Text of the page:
two hands stitching on doll head
stitching for years

I once saw a video where @alabamachannin, talking about leaving tails of threads in their hand-embroidery. She said, "One inch is for your children and one inch is for your grandchildren." (Or something to that effect.) That's how I feel about stitching these dolls. I think about a little girl doing her hairstyle over and over. Packing her in a backpack. Squeezing her in her sleep. For years. And then an older girl putting her up in a box. A much older girl putting her in a moving box. Getting her out and putting her on a shelf. A mom showing her to her little daughter...telling little stories.


When I designed my dolls, I was thinking of all these things because holding something you loved so well brings back memories and feelings you might have forgotten. I've been that mom with my old dolls. Telling little stories. Remembering things I thought I'd forgotten. I hope my dolls make beautiful memories...and help people keep them.

hands holding doll head with hand-embroidered face
Why Handmade dolls are a wonderful gift (pt 1)

I see kids (and adults) so drawn to handmade items, especially over time. Here's one reason, I think, Handmade things have the beauty of nature.


My husband worked in manufacturing engineering for a long time. He will be the first to tell you that Sunny Stowaways is not an efficient operation. Particularly the faces. They do not all look the same, and they are symmetrical, but not perfectly. And, I tell him, according to science, that is a good thing.


Humans are drawn to symmetry, but not perfect symmetry. Nature is symmetrical but not like machined mirror-images. In our age of easily-edited digital everything, it is tempting to forget that. I know, mainly because I show them to my husband, which of the dolls I pack for a show are the least symmetrical in the face. And, several of these are the dolls that people, even if they are not shopping for dolls, don't like dolls, or don't have anyone to buy a doll for, stop walking and talk about at length. A little wobble in the smile, a little tilt to a head, a little cock to an eyebrow--these little asymmetries are what make a hand-embroidered doll lovable.


Not that I hate efficiencies. Or machines. Or symmetry. Especially in things like cars or bridges or airplanes. But for some things, hands are better.

First Birthday Gift
photo of doll with long blond hair and blue eyes wearing striped jumper with ruffles standing up in cardboard box

This sweet doll was a gift for a granddaughter's first birthday. The little girls' grandmother wanted to give her a doll that would be a keepsake to sit on the nursery shelves until she's ready, then be loved for years, then be a beautiful keepsake for years after. She's waiting to arrive at the birthday party in June--so fun!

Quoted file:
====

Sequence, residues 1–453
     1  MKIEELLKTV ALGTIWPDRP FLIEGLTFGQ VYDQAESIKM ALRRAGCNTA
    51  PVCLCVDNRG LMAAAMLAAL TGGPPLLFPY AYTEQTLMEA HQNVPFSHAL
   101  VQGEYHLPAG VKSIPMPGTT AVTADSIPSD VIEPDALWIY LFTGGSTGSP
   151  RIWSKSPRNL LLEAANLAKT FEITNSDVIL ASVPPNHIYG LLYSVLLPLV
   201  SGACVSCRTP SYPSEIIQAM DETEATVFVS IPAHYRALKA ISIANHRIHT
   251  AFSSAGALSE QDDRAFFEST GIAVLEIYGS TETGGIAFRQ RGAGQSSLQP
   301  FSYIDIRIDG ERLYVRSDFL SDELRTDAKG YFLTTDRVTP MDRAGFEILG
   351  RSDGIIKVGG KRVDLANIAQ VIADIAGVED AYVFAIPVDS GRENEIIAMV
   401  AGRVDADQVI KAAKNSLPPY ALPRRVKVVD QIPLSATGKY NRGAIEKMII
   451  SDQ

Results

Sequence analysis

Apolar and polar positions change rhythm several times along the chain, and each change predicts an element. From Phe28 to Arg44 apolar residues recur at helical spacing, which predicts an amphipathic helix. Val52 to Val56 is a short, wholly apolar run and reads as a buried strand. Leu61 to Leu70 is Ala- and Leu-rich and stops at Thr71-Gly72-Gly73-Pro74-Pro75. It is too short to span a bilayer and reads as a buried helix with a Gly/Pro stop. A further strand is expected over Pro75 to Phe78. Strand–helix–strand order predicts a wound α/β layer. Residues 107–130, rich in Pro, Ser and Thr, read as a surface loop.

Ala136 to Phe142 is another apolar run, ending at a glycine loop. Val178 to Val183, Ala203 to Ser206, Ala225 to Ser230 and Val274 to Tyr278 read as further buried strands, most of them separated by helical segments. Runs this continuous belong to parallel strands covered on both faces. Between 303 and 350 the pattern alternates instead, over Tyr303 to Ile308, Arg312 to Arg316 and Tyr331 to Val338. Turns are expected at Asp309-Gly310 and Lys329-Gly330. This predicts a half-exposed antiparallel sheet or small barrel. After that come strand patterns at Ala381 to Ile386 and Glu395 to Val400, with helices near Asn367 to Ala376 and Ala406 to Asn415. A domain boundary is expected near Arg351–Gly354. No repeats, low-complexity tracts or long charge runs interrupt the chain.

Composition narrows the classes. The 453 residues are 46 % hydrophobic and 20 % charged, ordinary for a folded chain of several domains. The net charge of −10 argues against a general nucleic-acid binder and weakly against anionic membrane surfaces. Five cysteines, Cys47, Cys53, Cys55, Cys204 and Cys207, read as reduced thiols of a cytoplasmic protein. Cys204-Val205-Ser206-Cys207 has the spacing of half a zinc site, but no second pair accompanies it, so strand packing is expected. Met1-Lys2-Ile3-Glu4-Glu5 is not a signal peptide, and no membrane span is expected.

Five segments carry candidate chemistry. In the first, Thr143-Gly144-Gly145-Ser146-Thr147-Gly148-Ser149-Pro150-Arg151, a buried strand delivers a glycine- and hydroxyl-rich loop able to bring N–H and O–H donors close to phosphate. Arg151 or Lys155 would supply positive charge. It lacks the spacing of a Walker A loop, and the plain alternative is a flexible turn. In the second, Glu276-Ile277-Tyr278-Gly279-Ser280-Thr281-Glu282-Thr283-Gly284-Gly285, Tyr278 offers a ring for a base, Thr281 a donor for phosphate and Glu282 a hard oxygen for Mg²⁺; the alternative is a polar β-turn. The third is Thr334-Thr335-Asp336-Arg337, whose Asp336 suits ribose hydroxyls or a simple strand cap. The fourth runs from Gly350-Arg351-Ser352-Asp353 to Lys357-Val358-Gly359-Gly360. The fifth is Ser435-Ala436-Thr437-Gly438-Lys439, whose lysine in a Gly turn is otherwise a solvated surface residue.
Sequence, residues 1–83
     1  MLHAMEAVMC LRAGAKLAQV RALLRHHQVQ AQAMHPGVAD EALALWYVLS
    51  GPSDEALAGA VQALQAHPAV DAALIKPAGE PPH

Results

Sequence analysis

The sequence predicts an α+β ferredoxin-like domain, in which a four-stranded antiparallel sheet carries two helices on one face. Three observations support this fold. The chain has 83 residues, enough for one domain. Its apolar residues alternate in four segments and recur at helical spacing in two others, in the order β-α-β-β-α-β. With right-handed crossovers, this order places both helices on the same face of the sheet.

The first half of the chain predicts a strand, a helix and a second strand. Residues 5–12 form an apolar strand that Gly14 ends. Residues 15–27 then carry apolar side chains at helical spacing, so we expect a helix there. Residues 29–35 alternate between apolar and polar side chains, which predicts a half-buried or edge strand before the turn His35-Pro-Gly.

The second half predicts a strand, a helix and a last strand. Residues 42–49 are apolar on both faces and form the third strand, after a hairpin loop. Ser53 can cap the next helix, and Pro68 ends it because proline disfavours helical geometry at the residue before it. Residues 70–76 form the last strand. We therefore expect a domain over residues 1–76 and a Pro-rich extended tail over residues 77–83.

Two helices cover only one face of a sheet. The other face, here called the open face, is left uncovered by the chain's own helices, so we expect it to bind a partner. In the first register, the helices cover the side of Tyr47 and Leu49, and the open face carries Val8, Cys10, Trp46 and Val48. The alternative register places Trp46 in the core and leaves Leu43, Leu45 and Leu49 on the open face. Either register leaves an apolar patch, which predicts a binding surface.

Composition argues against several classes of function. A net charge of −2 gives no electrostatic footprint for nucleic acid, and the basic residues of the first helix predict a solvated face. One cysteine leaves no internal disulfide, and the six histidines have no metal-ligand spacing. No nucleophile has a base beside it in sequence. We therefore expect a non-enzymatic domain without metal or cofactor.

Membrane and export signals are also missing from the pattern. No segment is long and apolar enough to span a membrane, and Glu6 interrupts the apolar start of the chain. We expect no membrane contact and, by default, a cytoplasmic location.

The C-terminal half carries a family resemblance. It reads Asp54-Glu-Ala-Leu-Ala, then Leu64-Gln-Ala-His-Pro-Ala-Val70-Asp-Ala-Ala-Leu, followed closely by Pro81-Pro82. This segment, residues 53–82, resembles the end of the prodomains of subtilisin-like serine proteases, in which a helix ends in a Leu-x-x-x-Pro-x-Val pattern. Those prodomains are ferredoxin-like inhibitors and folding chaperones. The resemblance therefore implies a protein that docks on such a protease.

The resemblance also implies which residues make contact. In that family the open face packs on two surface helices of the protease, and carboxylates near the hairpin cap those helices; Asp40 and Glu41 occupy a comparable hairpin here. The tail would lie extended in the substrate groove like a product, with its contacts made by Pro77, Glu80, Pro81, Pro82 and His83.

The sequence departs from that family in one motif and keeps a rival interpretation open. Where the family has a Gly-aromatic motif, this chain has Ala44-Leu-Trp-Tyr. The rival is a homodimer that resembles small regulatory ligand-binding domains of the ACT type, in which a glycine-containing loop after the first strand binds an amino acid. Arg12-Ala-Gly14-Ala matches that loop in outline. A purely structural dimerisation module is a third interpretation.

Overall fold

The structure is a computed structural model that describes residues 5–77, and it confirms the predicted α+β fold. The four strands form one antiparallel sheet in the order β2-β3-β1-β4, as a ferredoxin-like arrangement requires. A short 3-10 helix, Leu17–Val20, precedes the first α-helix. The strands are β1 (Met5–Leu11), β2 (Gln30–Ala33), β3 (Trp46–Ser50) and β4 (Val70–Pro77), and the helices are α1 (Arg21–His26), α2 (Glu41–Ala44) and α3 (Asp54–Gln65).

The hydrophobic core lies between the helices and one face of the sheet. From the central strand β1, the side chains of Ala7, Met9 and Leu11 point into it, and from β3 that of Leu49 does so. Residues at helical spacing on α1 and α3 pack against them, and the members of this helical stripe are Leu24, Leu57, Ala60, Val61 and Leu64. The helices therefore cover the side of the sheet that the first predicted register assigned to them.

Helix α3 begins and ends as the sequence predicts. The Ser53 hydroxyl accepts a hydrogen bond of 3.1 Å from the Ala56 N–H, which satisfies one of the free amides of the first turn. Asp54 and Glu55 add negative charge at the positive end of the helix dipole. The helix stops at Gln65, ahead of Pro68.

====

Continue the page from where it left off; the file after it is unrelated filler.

little girl washing doll at sink
Can I Wash My Sunny Stowaway? 

Yep. (But not in the washing machine!)


It's actually great thing to have a toy that requires some cleaning and maintenance, that is actually possible for a little one to do. (Some doll hair is actually impossible to play without without irreparably tangling and destroying the hair. Not mentioning any names, Barbie ;)


First stage--Spot cleaning

Most stains or general grime can be taken care of with a damp rag sprayed lightly with a laundry spray or with soapy water mostly wrung out. Your little one can help with this.


Stage 2--Freshen up

If your doll just needs a freshen up, you might spot clean a little all over, and then set the doll out in the sunshine for a little bit. Sunshine can kill a lot of bacteria. For a sweet finish, you could spray the doll with a linen spray or store it for a day or two in a drawer with a fresh sachet. This is another good way your little one can help.


Stage 2--Immersion

If the something bigger has happened, you may need to completely immerse your doll all at once. Fill a little tub or bowl with warm soapy water and swish your doll around in it. Use a rag to spot clean as needed. Refill the bowl as much as needed, at least once with warm clean water to rise the doll.


Stage 3: Lay Flat to Dry

After you've rinsed your doll, wrap your doll up in a big towel and squeeze gently to get most of the water out of it. Try not to squeeze it directly so the face is not distorted. If it is, reshape gently. Unwrap the towel and let the doll dry out (Sunlight or in a warm dry place, like on top of the dryer works well.)


As you're drying the doll, spread the hair out all around flat for straight hair, or scrunch it up with your hand as much as possible for curly hair.


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